Monday, October 18, 2010
So I got myself Bright Sided by Ehrenreich. We shall see if she indeed agrees with my premise that it's silly to expect life, parenting, or anything else to be fun. Roller coaster rides are fun. Mothering is work. Of course, compared to most work, it's pretty good work. I wouldn't call paper pushing "joyful and fun" either. On the other hand, none of the papers I pushed ever pooped in the bathtub.
Speaking of work, a much better blog than this one called Hyperbole and a Half has an entry that I think describes an awful melt-down tantrum frmo the child's point of view. The child wants to eat an entire cake. Her mother, cruelly, prevents her from doing so. The child behaves in such a way as to interrupt the grandfather's party. The child thinks about how the mother will be sorry if she's dead, and so on.
I had no idea my children read blogs.
My children do not eat entire cakes. They eat raw bread dough. They absolutely adore raw bread dough.
When an Orthodox Jew has one of the many millions of little Orthodox Issues that arises in the average life, she calls her rabbi and asks a shaila, question. I suspect (but do not know) that my rabbi has a little asterisk next to my name to remind him that this isn't your average problem. A number of years ago, I was baking the challah and, as is the practice, I set apart an offering of dough with a blessing. Confusingly, the offering is also called challah. We are supposed to burn it. I did not burn it. Munchkin (I assume, it may have been Genome) ate it. I did not know what the practice is when your child eats your challah. Take more and burn that? Burning the child wouldn't work.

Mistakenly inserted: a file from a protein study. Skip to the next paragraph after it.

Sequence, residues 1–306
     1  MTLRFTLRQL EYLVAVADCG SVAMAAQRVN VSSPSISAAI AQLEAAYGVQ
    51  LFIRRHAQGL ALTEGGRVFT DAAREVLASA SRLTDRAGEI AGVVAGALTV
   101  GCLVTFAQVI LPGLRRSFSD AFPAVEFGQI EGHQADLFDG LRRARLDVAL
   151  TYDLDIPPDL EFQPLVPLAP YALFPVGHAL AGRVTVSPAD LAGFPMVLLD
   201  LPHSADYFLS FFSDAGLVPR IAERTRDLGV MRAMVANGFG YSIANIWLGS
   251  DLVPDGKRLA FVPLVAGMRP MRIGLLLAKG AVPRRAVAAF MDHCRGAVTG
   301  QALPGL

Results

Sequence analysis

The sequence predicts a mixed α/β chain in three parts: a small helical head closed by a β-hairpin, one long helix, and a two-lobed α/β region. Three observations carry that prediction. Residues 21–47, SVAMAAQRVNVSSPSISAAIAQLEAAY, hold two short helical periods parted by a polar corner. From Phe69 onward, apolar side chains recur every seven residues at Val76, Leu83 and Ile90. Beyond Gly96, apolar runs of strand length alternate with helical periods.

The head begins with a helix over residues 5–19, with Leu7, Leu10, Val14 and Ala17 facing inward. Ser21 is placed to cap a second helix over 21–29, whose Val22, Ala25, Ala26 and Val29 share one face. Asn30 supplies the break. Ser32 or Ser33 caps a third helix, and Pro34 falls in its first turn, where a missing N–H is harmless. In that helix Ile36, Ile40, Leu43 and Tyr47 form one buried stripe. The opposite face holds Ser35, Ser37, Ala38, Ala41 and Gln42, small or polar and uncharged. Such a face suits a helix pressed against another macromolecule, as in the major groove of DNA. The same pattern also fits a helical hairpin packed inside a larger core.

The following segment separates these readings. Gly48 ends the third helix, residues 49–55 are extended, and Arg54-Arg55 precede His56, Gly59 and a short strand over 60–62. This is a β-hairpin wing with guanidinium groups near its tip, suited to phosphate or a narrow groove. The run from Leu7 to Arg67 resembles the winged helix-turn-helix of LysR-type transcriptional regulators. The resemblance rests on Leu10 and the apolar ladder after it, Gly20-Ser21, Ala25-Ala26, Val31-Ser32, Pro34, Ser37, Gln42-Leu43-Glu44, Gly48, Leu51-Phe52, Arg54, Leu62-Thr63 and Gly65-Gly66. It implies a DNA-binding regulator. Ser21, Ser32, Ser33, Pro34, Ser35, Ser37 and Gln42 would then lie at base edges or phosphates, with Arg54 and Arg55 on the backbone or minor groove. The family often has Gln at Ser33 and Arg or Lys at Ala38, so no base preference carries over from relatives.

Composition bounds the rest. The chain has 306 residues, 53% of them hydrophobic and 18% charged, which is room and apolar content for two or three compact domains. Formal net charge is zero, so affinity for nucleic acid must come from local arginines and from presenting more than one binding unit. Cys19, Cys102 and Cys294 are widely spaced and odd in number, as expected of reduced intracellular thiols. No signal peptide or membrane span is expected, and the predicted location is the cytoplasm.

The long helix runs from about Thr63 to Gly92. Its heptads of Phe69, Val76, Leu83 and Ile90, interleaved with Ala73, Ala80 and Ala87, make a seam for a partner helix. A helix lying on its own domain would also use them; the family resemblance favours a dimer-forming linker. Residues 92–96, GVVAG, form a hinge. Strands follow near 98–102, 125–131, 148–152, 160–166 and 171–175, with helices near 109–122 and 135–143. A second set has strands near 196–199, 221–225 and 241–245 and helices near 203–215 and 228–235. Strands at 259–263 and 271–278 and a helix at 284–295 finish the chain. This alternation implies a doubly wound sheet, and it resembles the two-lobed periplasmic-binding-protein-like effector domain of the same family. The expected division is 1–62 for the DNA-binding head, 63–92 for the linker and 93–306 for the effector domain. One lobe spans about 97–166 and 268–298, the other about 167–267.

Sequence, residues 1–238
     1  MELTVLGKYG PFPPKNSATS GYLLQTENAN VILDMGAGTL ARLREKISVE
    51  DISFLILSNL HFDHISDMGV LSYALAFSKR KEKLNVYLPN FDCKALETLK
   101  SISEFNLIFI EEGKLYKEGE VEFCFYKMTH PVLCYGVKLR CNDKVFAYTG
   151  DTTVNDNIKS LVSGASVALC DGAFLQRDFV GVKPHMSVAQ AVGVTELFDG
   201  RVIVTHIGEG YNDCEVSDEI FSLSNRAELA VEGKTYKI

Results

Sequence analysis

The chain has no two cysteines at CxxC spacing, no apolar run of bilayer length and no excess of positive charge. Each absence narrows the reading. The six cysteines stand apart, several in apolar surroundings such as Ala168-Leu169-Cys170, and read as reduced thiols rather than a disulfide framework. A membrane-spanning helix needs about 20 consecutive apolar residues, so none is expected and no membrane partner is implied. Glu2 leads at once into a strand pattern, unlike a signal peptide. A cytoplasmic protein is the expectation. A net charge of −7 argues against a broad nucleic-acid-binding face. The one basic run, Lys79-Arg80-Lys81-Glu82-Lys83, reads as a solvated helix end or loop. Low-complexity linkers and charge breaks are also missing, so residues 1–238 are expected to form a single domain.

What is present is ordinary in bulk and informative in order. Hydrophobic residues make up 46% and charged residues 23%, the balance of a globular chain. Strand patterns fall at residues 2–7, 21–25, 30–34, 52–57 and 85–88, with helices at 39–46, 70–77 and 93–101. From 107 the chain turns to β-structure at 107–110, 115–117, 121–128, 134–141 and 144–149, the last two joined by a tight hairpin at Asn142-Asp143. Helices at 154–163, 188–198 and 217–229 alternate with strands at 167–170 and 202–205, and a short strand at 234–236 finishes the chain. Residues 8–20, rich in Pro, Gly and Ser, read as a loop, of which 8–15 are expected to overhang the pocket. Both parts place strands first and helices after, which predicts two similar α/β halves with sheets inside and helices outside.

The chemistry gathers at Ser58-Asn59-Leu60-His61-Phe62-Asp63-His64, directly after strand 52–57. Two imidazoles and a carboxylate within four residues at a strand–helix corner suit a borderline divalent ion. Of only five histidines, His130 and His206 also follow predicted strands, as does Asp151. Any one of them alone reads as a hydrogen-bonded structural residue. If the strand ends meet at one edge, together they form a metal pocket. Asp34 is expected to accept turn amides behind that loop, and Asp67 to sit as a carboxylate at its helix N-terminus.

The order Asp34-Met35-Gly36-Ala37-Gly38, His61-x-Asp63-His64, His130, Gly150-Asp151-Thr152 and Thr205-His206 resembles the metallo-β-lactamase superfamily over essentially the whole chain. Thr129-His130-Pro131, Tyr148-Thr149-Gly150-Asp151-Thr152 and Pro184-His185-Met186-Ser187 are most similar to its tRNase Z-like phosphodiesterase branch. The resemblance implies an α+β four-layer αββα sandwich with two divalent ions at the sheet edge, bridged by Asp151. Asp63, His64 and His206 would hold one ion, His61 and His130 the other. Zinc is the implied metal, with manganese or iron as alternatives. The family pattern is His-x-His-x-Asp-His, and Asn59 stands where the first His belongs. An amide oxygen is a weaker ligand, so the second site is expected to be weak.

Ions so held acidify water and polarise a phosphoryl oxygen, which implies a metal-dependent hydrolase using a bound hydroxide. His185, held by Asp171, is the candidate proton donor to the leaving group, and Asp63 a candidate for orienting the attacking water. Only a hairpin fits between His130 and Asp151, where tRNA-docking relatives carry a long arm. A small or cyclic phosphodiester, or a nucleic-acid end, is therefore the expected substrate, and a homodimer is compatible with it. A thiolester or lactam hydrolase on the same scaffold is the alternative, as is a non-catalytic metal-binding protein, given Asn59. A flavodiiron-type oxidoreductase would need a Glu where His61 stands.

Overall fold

The answer, should you be waiting with bated breath, was "don't do anything. But be careful with the child and raw dough when it has eggs in it."
So my children like their baked goods, but they like them unbaked. You wouldn't know it given that they sabotaged my mixer, but there you are. Remind me to come back to the end of the mixer story soon.